By 5.30 pm, all the people in the villages of Bajawala and Phulsaini near Dehradun lock themselves inside homes. The only ones out are a team of around a dozen, of which two-three are perched on a machan, wielding three weapons and a stock of Sualin pills.
The tablets are to ward off cough, as any noise can scare away what they are after: a leopard that has sent a scare down these villages since it dragged away a 10-year-old boy from near his slum next to a river bank in Bajawala village last Friday. His partially eaten body was recovered from near Phulsaini village.
Since then, villagers only move in groups even during day time as they go to Dehradun for work, while nobody ventures out after dusk. Villagers have stopped going to the forest area to collect fodder or attend nature’s call, while children play inside homes.
After the boy was found dead, the Uttarkhand Forest Department engaged four licensed hunters to track the leopard and shoot it. They are headed by Dr Sanjay Singh of Moradabad, Uttar Pradesh, famed for having killed 10 maneater big cats.
They have set up a machan (platform) on a tree close to the site where the leopard took away the boy, not very far from the two inhabited villages. They take turns sitting there keeping a watch with two double-barreled guns and one rifle. The remaining, along with six-seven forest officials, move around hunting for the leopard on the ground.
As the wait for the big cat drags on, villagers are getting impatient. On Monday evening, they gathered near the site to protest against the delay in catching or killing the leopard. As he tried to tie a goat, brought as bait for the leopard, below the machan, forest official Ramesh Rawat fretted, “Ye gali ka kutta nahin hai (This is not a street dog). Please show patience and we will show you the results at the earliest.”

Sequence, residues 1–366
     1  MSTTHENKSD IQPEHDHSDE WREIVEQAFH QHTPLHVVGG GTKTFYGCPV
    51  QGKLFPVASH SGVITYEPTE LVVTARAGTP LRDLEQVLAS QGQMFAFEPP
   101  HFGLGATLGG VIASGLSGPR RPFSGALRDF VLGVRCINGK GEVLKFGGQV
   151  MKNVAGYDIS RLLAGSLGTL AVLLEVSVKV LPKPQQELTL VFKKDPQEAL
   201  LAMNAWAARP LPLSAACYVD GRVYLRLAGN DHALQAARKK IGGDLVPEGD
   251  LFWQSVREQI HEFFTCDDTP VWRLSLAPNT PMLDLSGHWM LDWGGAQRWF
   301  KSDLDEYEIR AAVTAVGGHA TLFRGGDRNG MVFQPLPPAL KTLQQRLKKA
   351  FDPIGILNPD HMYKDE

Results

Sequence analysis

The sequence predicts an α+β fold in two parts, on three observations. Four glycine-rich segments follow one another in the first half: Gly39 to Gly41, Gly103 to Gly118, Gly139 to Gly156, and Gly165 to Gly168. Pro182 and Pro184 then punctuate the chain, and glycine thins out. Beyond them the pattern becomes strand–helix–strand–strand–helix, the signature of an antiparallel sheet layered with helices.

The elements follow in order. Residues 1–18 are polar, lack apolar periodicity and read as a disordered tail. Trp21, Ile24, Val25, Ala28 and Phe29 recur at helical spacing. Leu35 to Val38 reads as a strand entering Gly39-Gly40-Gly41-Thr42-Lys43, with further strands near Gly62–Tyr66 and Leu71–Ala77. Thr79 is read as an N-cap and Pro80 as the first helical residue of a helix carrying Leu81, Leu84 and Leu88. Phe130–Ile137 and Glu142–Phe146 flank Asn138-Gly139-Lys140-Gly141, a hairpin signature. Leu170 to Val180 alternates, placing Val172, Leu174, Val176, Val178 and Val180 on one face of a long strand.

However, the villagers were not convinced. “The leopard carried away one goat yesterday. The forest department has brought in a second goat. It means the leopard has enough food to survive and won’t come near here soon,” Dhiraj Vishta said.
It took some more cajoling by officials before the villagers returned home.
“This is not an easy task,” said Sanjay, preparing to go up the machan for the nightly five-hour shift, from 5 pm to 10 pm. “Our operation is meant for five hours every evening. This is just the second day. We are sure that the big cat is present in the area and it will certainly come to this site to catch the goat… We noticed its pug marks in the morning. We just need villagers’ cooperation to end this operation successfully.”
One more fruitless night later, the villagers on Tuesday morning headed for the official of the Divisional Forest Officer (Dehradun) to complain about the delay in catching the leopard, shouting slogans against the Forest Department. Sushant Patnaik admitted they had been getting complaints about the leopard attacking domestic animals. “But this time, it lifted a boy from his house.”
Villager Anil Joshi said they had had enough of official promises. “They first ignored our complaints about the leopard targeting our domestic animals. Now the animal killed a boy. We want the Forest Department to either shoot the leopard or catch it alive.”
Taking a vantage point near the machan, Gajendra Panyuli, a forest field staff officer, said leopards were cunning animals and ventured out only after sunset.
Swallowing a Sualin pill, he added, “We hope to wrap up operations in the next 15 days.”